MTPA’s latest copy / paste attempt shows moral and creative bankruptcy

MTPA’S INTELLECTUAL BANKRUPTCY MANIFESTS ITSELF IN MORE COPY / PASTE ACTIONS

A section of tourism stakeholders increasingly opposed to the current leadership at MTPA, has in a number of emails to this correspondent called them ‘The undisputed masters of copy / paste’ while openly questioning their ability to introduce even a single innovation or original thought not grabbed off other island destinations and then peddled as their own.

The angry outbursts are a result of MTPA hijacking yet another Seychelles idea – following a sharp escalation in thinly concealed efforts to foulmouth the Carnival International de Victoria in recent days by peddling misleading statements over alleged money demands for participating in the event – as one of their own creations.

MTPA’s latest invention, coined ‘The Carnival of the Sea’ appears a perfect copycat of Seychelles’ successful ‘SUBIOUS – The Festival of the Sea’ which has over nearly two and a half decades grown into a globally acclaimed celebration of marine life and underwater photography, besides another blatant attempt to grab some of the ‘Carnival’ glitter generated by the Seychelles marketing juggernaut.

In the past has MTPA unsuccessfully tried to copy cat the Seychellois ‘Festival Kreolwhich eventually earned Victoria the byname as the Creole capital of the world, but failed in a big way on Mauritius to achieve even distantly similar success. That was largely attributed by local Mauritius’ observers for the glaring lack of empowering the local Creole population and having that community involved in a meaningful way in the preparation and design of the event.

But the worst case of idea grabbing until now took place last year, when after a series of slights and dismissive comments by MTPA top brass against their colleagues at STB and in particular the former STB CEO and now Minister of Tourism and Culture Alain St. Ange, the idea of a competing carnival festival was floated.

Stakeholders have unsuccessfully demanded until now full accountability of funds spent on this short-lived parody of a carnival, which at the last moment was turned into a Shopping Bonanza, ending reportedly in a huge disappointment in terms of sales, turnovers and profits but cost MTPA an arm and a leg of taxpayer’s money.

MTPA has lost its lustre. The embarrass themselves and us all with such stunts. We missed the million arrival mark and surrendered the top destination position to Maldives. They do not need to copy anyone there, Seychelles does not need copy anyone, only us here are told that promoting other people’s ideas is ok for us. This way we cannot succeed over the future. MTPA is too limited in their thinking, almost too sectarian. It must change or we will next year end third behind Maldives and Sri Lanka. There is too much investment at stake here in Mauritius. We cannot let MTPA wreck if for all of us. MTPA should get new leadership on all levels from a broad spectrum of private sector marketers and product branding experts’ wrote a regular source from Port Louis a few hours ago, suggesting further that Mauritius tourism is not likely to benefit from the idea but instead may suffer a back lash of sorts when the truth comes out.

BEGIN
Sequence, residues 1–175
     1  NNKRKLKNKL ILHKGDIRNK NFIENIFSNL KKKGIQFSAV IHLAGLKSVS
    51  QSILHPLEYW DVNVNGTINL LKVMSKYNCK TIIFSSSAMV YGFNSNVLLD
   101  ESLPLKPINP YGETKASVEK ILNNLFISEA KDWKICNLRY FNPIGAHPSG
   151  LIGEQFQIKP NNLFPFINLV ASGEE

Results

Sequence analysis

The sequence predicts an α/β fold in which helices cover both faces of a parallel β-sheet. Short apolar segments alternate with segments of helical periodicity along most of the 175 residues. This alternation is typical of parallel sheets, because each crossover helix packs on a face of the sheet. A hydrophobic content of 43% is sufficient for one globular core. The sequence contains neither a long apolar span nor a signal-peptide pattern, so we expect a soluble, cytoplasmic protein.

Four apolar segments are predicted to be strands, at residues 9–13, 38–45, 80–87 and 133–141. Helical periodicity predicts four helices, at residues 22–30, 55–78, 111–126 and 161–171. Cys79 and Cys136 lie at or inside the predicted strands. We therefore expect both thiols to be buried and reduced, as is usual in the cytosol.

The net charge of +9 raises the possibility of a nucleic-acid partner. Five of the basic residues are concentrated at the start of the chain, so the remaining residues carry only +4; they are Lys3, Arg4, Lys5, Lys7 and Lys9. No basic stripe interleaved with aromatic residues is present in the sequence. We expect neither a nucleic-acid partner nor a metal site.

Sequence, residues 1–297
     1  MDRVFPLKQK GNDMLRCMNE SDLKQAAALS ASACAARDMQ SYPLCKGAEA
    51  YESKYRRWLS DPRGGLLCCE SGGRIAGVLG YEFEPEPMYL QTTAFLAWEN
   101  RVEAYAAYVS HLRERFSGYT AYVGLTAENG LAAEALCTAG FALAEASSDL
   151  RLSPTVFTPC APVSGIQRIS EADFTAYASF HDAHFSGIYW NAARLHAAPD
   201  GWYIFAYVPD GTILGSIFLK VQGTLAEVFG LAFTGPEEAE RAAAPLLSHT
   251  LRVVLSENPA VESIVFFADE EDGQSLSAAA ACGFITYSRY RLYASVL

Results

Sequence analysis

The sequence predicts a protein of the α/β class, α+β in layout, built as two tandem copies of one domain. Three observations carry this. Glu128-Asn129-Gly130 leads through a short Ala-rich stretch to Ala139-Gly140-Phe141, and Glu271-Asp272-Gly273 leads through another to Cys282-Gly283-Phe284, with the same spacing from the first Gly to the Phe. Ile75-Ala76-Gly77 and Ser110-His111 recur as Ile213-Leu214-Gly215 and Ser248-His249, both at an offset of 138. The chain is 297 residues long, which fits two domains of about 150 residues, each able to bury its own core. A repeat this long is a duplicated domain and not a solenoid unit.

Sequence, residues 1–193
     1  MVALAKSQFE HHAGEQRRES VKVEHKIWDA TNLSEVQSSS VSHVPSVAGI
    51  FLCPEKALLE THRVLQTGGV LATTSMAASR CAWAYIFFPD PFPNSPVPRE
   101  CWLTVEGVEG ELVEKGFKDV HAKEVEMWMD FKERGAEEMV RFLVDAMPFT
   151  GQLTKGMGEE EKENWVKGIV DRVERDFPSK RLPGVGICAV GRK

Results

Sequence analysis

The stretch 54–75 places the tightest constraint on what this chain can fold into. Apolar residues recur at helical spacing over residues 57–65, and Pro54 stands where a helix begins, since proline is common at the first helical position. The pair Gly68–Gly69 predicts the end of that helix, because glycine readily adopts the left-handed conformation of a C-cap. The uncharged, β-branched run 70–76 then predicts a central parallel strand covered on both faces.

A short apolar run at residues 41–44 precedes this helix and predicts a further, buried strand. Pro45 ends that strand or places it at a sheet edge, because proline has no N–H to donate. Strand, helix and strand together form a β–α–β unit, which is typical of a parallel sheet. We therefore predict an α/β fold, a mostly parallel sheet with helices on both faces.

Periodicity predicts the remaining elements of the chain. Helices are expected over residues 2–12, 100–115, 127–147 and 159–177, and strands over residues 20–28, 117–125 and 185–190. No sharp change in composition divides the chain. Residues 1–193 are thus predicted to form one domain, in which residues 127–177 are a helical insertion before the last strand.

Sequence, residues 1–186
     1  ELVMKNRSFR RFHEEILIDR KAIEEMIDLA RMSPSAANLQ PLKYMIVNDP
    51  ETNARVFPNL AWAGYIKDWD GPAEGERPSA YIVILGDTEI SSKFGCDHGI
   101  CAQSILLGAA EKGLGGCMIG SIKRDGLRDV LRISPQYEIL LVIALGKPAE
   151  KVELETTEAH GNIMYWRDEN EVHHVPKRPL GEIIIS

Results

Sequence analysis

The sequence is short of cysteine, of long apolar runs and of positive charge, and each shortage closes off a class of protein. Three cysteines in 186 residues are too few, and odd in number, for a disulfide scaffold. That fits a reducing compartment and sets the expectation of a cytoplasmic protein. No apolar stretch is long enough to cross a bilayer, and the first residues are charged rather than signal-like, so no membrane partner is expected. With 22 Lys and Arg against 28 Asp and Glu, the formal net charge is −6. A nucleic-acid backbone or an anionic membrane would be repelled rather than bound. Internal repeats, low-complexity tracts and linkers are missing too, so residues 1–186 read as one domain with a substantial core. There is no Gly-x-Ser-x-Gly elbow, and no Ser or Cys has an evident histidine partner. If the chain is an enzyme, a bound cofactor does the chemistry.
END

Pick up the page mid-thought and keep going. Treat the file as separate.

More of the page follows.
Official sources in the Seychelles were also not ready to comment on these latest shenanigans of their colleagues in Mauritius, perhaps preferring to have the international market reaction show the difference between the original and a poor run off. One source did however say, off the record: ‘We in Seychelles have a unique situation where private and public sector work hand in hand. Our annual marketing strategy reviews listens to all opinions and take on board all good suggestions. Now we are busy implementing what we discussed a few weeks ago and none of us has time to worry and bother about what other destinations do about our success stories. If they think they need to copy from us it shows we are doing it absolutely right’.

Time will tell to what extend this latest copy / paste creation will succeed, or else fail but it is clear that the success of the Seychelles and in particular the relentless global media attention and their marketing juggernaut around the world has made for jealous and envious rivals in the region. Watch this space.

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